Undescended Testicle: Risk for Testicular CancerSkip to the navigation
- The risk is about 4 to 10 times greater in males who have an undescended testicle than in other males.1
- The higher up in the path of descent a testicle stops, the more likely it is to form a tumor. An undescended testicle in the belly is 4 to 6 times more likely to develop cancer than one that is farther down toward the scrotum.
Moving the testicle to the scrotum may help reduce the risk of cancer. Most doctors recommend surgery to place undescended testicles in the scrotum. This makes it much easier to find cancer if it does develop.
Untreated undescended testicles are usually removed in adult men and teens who have gone through puberty because of the increased risk of cancer.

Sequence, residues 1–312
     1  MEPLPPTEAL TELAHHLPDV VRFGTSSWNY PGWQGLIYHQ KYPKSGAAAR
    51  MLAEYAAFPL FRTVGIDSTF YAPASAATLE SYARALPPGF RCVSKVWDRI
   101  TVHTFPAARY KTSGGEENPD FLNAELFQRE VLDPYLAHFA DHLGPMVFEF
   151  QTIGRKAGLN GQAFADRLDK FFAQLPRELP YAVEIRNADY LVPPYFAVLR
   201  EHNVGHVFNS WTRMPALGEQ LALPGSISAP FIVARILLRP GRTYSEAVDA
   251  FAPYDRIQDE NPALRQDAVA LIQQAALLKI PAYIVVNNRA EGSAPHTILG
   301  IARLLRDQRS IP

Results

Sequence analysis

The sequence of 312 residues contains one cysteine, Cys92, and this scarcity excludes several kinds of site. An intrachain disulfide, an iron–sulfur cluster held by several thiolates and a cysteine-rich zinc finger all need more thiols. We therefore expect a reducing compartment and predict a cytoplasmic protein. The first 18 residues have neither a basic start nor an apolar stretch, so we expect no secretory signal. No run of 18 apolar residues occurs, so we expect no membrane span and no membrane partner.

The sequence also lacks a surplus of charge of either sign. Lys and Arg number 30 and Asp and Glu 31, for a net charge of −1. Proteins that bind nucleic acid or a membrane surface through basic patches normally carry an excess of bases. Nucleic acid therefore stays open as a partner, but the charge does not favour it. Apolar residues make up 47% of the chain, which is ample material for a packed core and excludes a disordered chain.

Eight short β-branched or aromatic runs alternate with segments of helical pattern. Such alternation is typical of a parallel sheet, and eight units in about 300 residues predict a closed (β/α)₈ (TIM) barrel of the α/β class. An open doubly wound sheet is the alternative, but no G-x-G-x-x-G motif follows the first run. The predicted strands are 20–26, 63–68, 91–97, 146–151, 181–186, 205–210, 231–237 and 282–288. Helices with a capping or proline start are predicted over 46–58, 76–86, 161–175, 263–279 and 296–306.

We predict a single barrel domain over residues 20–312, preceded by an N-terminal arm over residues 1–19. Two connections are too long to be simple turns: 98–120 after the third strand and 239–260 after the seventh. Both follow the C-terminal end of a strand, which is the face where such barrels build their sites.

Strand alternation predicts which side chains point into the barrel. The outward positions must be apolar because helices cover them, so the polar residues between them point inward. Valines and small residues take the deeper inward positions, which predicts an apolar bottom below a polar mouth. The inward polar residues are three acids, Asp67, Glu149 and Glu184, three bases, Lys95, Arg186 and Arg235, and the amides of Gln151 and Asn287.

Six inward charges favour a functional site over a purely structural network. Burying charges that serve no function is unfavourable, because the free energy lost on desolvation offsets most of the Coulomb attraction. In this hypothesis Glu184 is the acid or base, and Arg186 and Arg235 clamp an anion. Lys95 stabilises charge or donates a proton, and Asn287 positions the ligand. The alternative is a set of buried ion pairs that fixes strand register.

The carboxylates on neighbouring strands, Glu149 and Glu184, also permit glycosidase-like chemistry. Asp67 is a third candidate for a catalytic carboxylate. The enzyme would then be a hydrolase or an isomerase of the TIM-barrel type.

Men who have an undescended testicle should have regular medical checkups (at least once every 2 years) throughout life. These checkups may include a testicular exam. If you have an undescended testicle, talk with your doctor about how often you need to be checked.
Some doctors recommend a testicular biopsy during surgery to correct an undescended testicle if the testicle is in the belly or the child has genital defects, such as hypospadias, or a genetic disorder. In this test, a small sample of tissue is taken from the testicles and examined to find out the potential for developing cancer.
Primary Medical Reviewer John Pope, MD - Pediatrics
Specialist Medical Reviewer Peter Anderson, MD, FRCS(C) - Pediatric Urology
Current as ofSeptember 9, 2014
Current as of: September 9, 2014